Tuesday, July 15, 2014

30 Days of Night | The ALASKAthon

When the success of the Twilight franchise precipitated a swarm of mediocre, over-eroticized vampire novels and cinematic adaptations of these, the vampire trend was officially a thing. Before that, vampire films had been mainly limited to the horror genre for a long period - as far as my limited knowledge of film history goes. 30 Days of Night was released one year before the first Twilight movie and hence its vampires are ugly brutes that want nothing but to kill and feed. Which is a nice exception from the mass these days...

Set in Barrow, the northernmost town in the US, the film takes place during the 30 days of darkness that the inhabitants of the town experience every year. While the sun never sets, the vampires are free to roam Barrow day and night and leave behind them a trail of destruction. The gorgeous Police officer Eben Oleson (Josh Hartnett) is the first to find out what's going on and along with a few other people he manages to survive the attacks for a long time.

I haven't seen World War Z but the zombies in the trailer remind me a lot of the vampires in 30 Days of Night. As mentioned, the vampires are rather ugly but never truly intimidating unless you're a 12 year old or not accustomed to horror films. The super-speed is nowhere near the action-pumped version we've seen in Man of Steel or the artistic interpretation from Only Lovers Left Alive. However, it feels like the technique brought CGI one step closer to creating a believable and intimidating depiction of fast vampires. Interestingly, 30 Days of Night includes some pretty realistic CGI fire - and we all know how rare that is.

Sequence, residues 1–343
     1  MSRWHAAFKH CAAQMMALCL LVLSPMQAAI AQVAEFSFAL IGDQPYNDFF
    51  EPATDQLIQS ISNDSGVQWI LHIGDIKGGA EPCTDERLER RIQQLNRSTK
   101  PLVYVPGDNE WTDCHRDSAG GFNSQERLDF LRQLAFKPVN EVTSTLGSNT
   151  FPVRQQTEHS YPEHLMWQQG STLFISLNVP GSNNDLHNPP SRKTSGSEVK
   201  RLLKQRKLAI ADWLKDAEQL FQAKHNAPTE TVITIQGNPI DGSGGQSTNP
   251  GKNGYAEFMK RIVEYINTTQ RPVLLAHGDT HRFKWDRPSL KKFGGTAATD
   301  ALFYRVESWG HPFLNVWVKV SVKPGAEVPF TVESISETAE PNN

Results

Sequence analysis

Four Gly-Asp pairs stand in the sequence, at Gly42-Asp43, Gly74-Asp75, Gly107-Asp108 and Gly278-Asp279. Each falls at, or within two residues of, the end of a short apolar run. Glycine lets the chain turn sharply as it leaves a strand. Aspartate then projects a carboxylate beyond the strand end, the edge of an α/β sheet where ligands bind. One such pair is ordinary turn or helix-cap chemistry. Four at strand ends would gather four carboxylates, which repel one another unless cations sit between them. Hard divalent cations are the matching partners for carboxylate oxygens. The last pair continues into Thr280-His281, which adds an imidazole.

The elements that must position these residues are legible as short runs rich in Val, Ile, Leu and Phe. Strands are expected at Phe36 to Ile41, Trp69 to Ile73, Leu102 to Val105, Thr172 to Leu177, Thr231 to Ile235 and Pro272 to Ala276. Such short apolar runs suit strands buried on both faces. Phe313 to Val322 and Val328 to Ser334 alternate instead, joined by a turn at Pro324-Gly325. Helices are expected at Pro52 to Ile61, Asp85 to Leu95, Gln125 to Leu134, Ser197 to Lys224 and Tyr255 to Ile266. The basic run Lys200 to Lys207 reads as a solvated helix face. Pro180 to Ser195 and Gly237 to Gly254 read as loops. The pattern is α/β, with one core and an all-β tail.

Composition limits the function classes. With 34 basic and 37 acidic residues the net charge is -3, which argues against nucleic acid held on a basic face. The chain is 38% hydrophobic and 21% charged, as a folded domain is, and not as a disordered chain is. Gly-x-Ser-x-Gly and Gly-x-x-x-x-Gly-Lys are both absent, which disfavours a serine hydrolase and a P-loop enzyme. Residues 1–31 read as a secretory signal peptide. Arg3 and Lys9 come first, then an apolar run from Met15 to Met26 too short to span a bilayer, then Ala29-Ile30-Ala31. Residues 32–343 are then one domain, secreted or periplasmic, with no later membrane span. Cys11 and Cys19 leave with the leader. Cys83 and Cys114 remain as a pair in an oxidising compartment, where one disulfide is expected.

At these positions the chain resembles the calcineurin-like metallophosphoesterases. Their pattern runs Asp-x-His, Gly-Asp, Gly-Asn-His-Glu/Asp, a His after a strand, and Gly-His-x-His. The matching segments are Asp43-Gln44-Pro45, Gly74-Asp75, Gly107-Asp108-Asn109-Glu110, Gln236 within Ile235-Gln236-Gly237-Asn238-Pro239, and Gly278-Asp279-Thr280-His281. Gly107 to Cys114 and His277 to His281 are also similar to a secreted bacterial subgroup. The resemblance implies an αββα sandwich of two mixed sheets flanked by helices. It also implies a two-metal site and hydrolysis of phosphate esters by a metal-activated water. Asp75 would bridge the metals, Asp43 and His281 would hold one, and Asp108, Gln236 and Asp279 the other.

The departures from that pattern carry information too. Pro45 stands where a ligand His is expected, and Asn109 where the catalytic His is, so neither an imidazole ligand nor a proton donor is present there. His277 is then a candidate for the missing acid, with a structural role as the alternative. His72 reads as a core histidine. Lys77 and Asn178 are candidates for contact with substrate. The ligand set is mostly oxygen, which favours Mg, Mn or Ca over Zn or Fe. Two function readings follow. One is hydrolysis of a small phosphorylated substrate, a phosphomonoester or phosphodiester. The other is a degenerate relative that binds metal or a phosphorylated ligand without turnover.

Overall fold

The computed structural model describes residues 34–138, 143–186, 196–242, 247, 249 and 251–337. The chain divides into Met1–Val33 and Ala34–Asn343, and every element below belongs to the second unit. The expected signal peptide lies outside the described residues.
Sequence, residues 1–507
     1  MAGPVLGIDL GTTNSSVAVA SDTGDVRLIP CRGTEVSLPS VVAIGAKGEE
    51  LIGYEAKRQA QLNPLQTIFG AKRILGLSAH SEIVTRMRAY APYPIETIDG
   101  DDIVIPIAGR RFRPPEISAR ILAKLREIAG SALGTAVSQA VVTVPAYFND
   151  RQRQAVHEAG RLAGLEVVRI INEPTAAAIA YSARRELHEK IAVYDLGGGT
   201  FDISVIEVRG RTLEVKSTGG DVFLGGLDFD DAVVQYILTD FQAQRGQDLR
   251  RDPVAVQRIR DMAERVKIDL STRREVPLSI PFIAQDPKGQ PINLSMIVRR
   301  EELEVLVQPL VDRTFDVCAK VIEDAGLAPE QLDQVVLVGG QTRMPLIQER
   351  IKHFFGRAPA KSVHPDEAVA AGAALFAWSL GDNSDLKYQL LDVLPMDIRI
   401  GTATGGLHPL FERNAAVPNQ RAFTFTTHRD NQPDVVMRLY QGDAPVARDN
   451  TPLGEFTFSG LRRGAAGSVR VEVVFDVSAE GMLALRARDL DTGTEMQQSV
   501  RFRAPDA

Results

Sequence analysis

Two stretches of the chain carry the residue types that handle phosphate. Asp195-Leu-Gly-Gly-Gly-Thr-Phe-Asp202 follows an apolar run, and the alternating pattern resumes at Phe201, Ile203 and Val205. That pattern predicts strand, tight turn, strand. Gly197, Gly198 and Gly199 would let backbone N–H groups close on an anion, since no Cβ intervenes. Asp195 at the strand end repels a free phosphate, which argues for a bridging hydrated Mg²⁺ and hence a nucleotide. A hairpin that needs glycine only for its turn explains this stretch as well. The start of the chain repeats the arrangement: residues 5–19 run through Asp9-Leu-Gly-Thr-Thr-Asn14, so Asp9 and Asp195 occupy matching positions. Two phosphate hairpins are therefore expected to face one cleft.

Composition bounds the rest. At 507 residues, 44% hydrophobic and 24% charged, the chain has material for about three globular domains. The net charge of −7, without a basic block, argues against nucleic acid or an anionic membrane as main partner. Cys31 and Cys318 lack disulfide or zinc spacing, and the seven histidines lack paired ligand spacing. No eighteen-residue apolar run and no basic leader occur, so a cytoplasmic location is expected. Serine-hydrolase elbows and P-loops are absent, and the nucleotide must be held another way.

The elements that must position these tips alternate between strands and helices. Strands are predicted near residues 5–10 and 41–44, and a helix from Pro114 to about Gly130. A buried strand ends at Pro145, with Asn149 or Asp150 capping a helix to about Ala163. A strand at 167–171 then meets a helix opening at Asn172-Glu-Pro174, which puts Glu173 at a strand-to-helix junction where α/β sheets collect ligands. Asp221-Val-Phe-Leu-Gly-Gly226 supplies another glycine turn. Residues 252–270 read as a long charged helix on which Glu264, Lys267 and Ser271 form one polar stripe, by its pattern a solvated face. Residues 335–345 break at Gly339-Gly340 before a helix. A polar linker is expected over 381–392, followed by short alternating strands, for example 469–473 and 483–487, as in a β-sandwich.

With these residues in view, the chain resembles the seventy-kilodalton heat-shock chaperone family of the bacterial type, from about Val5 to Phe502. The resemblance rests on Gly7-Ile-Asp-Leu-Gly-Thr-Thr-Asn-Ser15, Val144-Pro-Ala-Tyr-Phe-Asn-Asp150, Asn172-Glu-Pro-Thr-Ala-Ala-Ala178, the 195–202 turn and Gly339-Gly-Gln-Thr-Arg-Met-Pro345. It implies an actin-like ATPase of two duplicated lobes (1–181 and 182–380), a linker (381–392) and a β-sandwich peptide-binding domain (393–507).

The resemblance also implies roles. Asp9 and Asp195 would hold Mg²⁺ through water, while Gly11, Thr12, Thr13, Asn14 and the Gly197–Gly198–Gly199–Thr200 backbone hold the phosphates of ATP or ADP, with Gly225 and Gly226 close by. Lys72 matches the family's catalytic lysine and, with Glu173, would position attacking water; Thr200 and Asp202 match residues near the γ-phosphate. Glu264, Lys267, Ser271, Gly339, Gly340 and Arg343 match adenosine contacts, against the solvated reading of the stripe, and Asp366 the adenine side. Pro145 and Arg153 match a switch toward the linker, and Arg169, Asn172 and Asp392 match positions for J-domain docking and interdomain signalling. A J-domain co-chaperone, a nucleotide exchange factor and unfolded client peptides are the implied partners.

The acting is solid and so is the plot - there are only few scares and quite a few obvious jump scares and horror traits. For example, the vampire children are used as a means to shock both the audience and the characters, but like most other twists or happenings in the film, it doesn't really surprise you. Still, the Alaskan setting works well as an extra underlying fear, much like the Antarctic setting worked in The Thing. Just the idea of 30 days without sun is unnatural and scary.

30 Days of Night is a decent horror film although its monsters aren't actually very scary. While most horror fans won't be scared, they might enjoy the unusual setting and the straight-forward premise - scaredy cats are sure to jump more than a few times though. In the end, it's a perfect film to watch with a group of friends that is a mixture of both.


How capturing/ engaging/ interesting is the film? (out of 5 northern lights)

How gorgeous does the film - or the Alaska in it - look? (out of 5x Timothy Treadwell's hair)

How much does the film itself make you want to go to Alaska? (out of 5 sledges)

2007 • USA/ New Zealand • English

director David Slade
authors Steve Niles, Stuart Beattie, Brian Nelson
★ Josh Hartnett, Melissa George, Danny Huston


  1. I really enjoyed this movie, mostly because it was so straight forward and unrelenting. One of the better vampire movies of recent vintage. Good review!

    1. I liked it for the same reasons. It's so afreshing to see ugly vampires for a change. Thanks, Wendell!


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